What happens if your business needs additional finance? There are many options to consider in terms of the best lender, but do beware, because just because finance is easy to get doesn’t make it a great deal or the right decision for your business.
Before you sign any new finance contract, it’s always wise to ensure the finance is needed and provides real value to your business.
The type of finance you need will depend on what the finance is for. A few questions to ask yourself is:
- What is the specific purpose of the facility?
- What is the risk to the lender?
- Is it debt or is it equity ?
- Is it short term or long term?
- What is the risk to you?
- When are the funds needed?
The answers to this question can affect where you look to obtain these funds. There are many online finance companies now that are available that are competitive to the traditional banking offer. Look at http://australianfintech.com.au/ to investigate companies such as Moula and Prospa etc. If it is for the growth of the business, then equity funding may be the best option.
If your business is having financial constraints, see if you can look at other ways to work through the tough times ahead of jumping in to getting additional finance - such as negotiating more favourable payment terms with suppliers, or offering a small discount for upfront payment from your customers to boost your cashflow.
If you’re looking to get finance due to cashflow constraints and your business is NOT actively growing, careful analysis of your financial situation is advised before you jump into a new finance contract. It may be that the additional constraints and stress will not pay off and the outcome may be devastating for your business.
So, if the answer is yes your business is growing and you need capital for working finance – what’s the best option and how to you ensure its cost effective?
Firstly determine who you will get your funding from. Working capital finance generally comes from two main funding sources – Banks and Non-Bank Lenders. Bank lenders require more collateral and the application paperwork can be more significant, but can often have more favourable terms. Non-bank lenders are usually a faster and easier way to get finance but the costs can be high. There are a few different types of finance to consider:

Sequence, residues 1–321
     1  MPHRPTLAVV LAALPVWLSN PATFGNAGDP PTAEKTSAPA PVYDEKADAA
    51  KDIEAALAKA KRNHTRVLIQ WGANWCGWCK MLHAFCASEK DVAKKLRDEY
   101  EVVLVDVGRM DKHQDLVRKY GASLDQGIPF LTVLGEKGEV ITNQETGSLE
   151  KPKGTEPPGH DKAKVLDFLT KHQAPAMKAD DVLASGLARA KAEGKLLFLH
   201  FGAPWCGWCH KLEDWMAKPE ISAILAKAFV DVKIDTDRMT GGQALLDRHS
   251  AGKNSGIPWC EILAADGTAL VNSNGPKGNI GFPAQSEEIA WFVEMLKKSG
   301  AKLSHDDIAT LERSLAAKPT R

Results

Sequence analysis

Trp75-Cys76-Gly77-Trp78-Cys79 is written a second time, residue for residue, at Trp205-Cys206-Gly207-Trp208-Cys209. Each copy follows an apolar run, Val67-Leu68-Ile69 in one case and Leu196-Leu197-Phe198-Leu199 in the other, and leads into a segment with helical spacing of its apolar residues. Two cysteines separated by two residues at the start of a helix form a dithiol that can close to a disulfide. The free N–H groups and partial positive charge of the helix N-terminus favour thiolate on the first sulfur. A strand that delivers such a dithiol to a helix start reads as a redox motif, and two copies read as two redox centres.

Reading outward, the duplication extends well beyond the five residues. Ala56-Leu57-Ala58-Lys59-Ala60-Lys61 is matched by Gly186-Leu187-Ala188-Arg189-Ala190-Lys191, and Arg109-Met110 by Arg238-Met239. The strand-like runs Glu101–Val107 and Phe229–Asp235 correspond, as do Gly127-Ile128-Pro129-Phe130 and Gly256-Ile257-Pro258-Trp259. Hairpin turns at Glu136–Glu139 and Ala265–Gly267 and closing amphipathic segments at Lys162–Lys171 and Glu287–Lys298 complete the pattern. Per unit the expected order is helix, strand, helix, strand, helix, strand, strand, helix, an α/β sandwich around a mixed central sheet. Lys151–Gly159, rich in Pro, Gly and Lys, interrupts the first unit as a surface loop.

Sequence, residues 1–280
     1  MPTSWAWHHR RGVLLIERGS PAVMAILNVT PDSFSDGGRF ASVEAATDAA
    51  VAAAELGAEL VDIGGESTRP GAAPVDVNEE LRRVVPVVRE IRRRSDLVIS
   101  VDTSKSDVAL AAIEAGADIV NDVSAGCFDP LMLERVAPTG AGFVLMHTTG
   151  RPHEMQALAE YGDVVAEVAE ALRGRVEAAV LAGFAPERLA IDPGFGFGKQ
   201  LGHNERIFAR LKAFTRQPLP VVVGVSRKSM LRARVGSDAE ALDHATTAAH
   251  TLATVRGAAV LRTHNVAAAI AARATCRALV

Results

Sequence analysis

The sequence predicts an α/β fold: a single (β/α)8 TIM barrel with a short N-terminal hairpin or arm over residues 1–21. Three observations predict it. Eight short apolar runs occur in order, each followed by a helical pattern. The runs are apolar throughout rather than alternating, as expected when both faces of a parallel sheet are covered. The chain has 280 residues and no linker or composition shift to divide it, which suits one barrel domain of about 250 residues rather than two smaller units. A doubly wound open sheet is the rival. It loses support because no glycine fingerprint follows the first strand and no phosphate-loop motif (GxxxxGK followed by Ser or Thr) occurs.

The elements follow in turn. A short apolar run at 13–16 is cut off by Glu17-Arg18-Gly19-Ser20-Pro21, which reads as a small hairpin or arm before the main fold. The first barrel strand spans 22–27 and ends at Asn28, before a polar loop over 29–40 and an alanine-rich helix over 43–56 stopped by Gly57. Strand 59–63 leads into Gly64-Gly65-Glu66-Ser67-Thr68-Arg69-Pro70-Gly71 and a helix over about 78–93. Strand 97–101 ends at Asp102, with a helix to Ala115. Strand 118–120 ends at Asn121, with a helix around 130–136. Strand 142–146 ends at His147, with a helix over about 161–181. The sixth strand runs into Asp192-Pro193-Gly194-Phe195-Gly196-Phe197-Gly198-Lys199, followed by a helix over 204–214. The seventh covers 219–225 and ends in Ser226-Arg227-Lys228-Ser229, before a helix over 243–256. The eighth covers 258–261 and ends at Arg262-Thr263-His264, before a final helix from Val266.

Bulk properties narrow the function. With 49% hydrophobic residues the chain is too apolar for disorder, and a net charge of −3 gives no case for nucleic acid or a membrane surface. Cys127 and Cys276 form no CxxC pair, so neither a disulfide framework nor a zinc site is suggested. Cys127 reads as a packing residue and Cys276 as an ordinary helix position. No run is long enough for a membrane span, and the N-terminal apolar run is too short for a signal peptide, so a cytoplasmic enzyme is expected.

- Overdraft and line of credit
- Short term loans
- Debtor finance
- Inventory finance
- Asset finance
- Business loans for assets, property or equipment
Our tips? Make sure you finance what you need – new projects often cost more than you’d think, and if you’re negotiating good terms, make sure you ask for a little more now than you think you’ll need, just to cover both your immediate and future needs. It’s easier to get more now, than go back to renegotiate later.
Allow time for approvals. Don’t leave your finance needs until the last minute. If you keep an eye on your cashflow and monthly accounts, you should know when you might need extra finance so you can plan for the application and approval process. Remember, all good things take time, and dealing with financial institutions can be a slow process. Allow adequate time to get finance approval, your financier will appreciate your understanding that sometimes their hands are tied too and the wheels turn slowly. If you’re looking to pitch for new business – why not talk to your bank manager up front and run through the cost benefit analysis with them – you’ll soon have a clear indication of what you can borrow, what the terms will be, and can make the call on whether expanding is worth the cost.
Lastly, look if you can afford it. Look at the fine print – there may be application costs, repayments, and your cashflow needs to be able to afford the repayments. You don’t want to be in a position where the loan is called in because you’ve missed payments. This puts you in a very bad position, particularly if personal assets have been used as collateral. It’s a good idea to do a 12 month cashflow projection just to ensure you can afford the finance and to get an indication of the total you’ll need. If you show this to your financier it will put you in a good position to negotiate terms.
Managing Risk – you still need a little fat in the business if something happens. For example if you lose a major contract, will you be able to work through the process and still afford the finance. Don’t work your balance sheet so tightly that impacts to the business will see you close your doors. Lenders will only lend funds they are confident in returning, so measure the risk you’re asking them to take on.
Effect on Credit Rating – note that each and every time you apply for finance, it is recorded in your business’s credit file. If you apply for credit, be confident that you will get it. Denials of finance are recorded and could negatively affect your credit rating.
Government/Bank dislike of certain industries – we recommend that you talk to your bank about whether your industry is considered a high risk industry by the bank. If it is, there is a chance the bank may change the terms of your finance to force you to pay back the loan sooner than you planned or can afford. This can have a huge effect on the solvency of your business and has caused businesses to become bankrupt.
Before you go down the path of funding, have a talk to an advisor at PJT who can look at your books and talk you through the risks and return to ensure you make an informed decision that will be good for you and your family.